DRUMS OF THE WORLD
Yoruba bata Trommeln / drums / Tambours Nigeria


Darius Thieme explains: "For example, let us consider some aspects of the Sango festival at Oyo. Firstly, the dates are set by a priest who practices Ifa divination. Secondly, the musicians must be bata drummers, as this drum is sacred to Sango (the bata drum is conical, with two membranes, and has fixed pitches). Special dancers come from the ranks of priests and initiates of theSango religion. A highly specialized kind of exhibition dancing must be performed, at times inducing a state of trance. The dance requires rapid, angular, forceful body movement and is tightly synchronized with the master drummer's part: drummer and dancer work very closely together. A highly stylized kind of singing is performed by Sango priestesses. A tense throat is used, and vocal tremolo embellishes the melodic line."(...)
"Speaking of the percussion music itself, bata drumming is perhaps more cohesively organized and more closely related to the emotions and symbolism of the event than anyother kind of Yoruba music. The instrumental ensemble is very tightly organized. Two principal drums, the leader and assistant leader, share the function of imitating speech. Their two parts are interdependent. Two small accompanying drums play interlocking parts in a rapid tempo, providing a constant, forceful background for the two lead instruments." (Extracted from: Darius Thieme - Music in Yoruba Society.)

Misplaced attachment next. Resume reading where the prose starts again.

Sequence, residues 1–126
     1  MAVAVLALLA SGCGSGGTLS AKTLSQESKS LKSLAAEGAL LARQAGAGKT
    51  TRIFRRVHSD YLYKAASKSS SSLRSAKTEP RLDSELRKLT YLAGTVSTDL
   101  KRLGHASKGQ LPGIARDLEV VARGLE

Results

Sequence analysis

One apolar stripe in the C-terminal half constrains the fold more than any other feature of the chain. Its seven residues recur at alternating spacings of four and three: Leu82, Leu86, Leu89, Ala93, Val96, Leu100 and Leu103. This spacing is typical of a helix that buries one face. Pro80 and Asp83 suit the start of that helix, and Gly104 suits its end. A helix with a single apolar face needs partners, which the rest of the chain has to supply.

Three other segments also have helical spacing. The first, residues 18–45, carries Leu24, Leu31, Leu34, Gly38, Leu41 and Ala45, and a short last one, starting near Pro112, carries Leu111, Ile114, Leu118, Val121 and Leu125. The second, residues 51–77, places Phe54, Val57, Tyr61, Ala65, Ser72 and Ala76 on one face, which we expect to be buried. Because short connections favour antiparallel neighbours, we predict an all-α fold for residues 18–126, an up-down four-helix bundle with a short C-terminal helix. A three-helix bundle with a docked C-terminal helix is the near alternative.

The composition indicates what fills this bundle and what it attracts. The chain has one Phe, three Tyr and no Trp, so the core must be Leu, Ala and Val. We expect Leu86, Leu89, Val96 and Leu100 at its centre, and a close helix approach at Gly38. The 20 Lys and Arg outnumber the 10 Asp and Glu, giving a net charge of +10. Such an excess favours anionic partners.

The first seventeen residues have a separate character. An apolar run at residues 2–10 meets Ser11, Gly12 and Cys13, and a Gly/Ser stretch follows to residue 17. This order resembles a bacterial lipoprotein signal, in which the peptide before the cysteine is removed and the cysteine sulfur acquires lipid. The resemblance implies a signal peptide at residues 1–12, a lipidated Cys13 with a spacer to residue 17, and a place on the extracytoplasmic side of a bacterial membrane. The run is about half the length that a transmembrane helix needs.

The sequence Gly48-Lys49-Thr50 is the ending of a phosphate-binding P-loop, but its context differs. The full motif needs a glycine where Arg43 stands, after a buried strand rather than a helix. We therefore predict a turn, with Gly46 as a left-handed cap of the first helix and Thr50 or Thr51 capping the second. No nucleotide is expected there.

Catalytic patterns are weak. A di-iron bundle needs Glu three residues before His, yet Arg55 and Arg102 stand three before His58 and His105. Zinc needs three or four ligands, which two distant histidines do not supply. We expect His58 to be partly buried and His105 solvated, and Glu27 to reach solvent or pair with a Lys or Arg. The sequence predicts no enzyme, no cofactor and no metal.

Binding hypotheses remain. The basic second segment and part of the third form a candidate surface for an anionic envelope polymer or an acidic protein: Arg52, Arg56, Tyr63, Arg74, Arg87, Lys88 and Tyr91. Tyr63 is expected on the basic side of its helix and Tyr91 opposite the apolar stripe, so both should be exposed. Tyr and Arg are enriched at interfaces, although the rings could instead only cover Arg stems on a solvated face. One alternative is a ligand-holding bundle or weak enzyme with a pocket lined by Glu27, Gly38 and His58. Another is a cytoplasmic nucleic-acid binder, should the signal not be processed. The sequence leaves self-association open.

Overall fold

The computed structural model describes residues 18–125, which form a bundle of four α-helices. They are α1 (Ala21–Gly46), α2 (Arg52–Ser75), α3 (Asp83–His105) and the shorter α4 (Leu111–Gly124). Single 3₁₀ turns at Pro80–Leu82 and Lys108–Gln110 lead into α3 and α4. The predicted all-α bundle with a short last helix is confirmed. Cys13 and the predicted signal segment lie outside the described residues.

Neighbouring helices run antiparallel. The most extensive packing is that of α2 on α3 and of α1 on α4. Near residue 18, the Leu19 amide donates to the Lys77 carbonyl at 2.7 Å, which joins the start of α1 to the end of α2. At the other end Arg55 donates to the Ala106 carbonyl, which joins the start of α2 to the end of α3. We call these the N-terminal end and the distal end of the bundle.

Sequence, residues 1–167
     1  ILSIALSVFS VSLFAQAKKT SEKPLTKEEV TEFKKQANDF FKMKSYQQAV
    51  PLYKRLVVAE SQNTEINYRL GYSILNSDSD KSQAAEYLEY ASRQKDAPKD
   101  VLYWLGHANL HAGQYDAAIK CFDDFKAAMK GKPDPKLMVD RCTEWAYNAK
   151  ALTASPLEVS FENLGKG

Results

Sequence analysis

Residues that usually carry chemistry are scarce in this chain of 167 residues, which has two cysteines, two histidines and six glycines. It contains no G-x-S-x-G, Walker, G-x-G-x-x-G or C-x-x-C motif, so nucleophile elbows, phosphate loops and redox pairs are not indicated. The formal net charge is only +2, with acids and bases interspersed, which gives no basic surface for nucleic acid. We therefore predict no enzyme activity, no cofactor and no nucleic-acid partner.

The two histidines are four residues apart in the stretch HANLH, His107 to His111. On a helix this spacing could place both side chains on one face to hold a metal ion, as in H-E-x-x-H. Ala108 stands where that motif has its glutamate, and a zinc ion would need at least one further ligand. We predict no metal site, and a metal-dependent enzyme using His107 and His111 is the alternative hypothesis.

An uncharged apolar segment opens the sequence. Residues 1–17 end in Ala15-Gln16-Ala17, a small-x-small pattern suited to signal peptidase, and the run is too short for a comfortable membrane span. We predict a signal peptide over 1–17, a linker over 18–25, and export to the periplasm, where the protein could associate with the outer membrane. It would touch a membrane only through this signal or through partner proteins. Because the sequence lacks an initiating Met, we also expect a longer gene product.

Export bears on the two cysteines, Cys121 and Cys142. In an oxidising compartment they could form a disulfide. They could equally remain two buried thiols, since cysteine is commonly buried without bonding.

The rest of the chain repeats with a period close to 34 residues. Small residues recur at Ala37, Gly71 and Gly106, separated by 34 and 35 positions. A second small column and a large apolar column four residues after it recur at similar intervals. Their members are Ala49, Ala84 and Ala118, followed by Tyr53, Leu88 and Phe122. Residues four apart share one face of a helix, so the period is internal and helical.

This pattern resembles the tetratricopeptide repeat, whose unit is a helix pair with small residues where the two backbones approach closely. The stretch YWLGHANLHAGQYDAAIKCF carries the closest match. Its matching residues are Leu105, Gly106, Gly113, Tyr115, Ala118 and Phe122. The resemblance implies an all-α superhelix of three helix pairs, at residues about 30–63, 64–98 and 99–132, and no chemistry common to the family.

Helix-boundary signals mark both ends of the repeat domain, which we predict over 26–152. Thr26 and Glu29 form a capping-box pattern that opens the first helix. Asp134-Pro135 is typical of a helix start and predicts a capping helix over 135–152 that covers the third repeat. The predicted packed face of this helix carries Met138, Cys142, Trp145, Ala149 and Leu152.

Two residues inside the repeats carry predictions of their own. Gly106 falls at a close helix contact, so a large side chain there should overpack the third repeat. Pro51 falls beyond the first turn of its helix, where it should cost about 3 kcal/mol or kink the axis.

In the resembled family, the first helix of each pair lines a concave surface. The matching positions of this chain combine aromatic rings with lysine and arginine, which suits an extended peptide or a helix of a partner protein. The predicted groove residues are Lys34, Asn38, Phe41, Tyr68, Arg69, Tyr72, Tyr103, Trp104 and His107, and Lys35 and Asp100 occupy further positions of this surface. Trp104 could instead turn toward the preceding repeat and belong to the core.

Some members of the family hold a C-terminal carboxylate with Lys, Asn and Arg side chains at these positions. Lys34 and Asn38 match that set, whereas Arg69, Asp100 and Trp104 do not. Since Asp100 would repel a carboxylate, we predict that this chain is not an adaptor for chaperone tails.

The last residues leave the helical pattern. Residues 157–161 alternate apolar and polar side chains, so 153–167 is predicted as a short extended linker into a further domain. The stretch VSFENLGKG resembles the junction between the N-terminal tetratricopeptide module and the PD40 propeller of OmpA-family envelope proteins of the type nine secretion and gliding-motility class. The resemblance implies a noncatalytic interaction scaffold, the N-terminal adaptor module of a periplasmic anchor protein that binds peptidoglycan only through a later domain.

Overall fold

"The organization of the group of drummers is based on the strict and firm leadership role of the master drummer. He signals rhythm changes, comments on the dance, and keeps the group together. Usually the leader is the best and most experienced drummer in the group. The beginner or least experienced member will often be assigned a subordinate part; he may simply "double," or play the same rhythm as an elder brother in the ensemble. The second best player may be assigned the part of assistant leader, with three or four additional accompanying drums included in the group."
(Extracted from: Thieme, Darius - Training and Musicianship among the Yoruba.)

References:
Adegbite, Ademola (1981) : The Role of Music in Yorùbá Traditional Religion. Odù 21
Altmann, Thomas : Cantos Lucumí a los Orichas 1998
Amira, John, & Steven Cornelius (1999): The Music Of Santería - Traditional Rhythms Of The Batá Drums - The Oru Del Igbodu. White Cliffs Media.
Akpabot, S. (1975) : The talking drums of Nigeria. African Music, 5(4), 36–40.
Branda Lacerda, Marcos : Kultische Trommelmusik der Yoruba in der Volksrepublik Benin. 1988
Klein, Debra. 2007 : Yorùbá Bàtá Goes Global: Artists, Culture Brokers, and Fans. Chicago. University of Chicago Press.
Laoye I. Timi von Ede : Yoruba Drums. 1959
Mason, John (1992) : Orin Orisa - Songs for Selected Heads.
Meyer, Andreas : Afrikanische Trommeln – West- und Zentralafrika. Staatliche Museen Preußischer Kulturbesitz, Berlin 1997
Ortiz, Fernando: Los instrumentos de la musica afrocubana. Habana 1952 V. Volumes.
Oyelami, Muraina : Yoruba Bata Music. 1991
Thieme, Darius : Training and Musicianship among the Yoruba.
Thieme, Darius : Music in Yoruba Society.
Villepastour, Amanda. 2010 : Ancient Text Messages of the Yorùbá Bàtá Drum - Cracking the Code.
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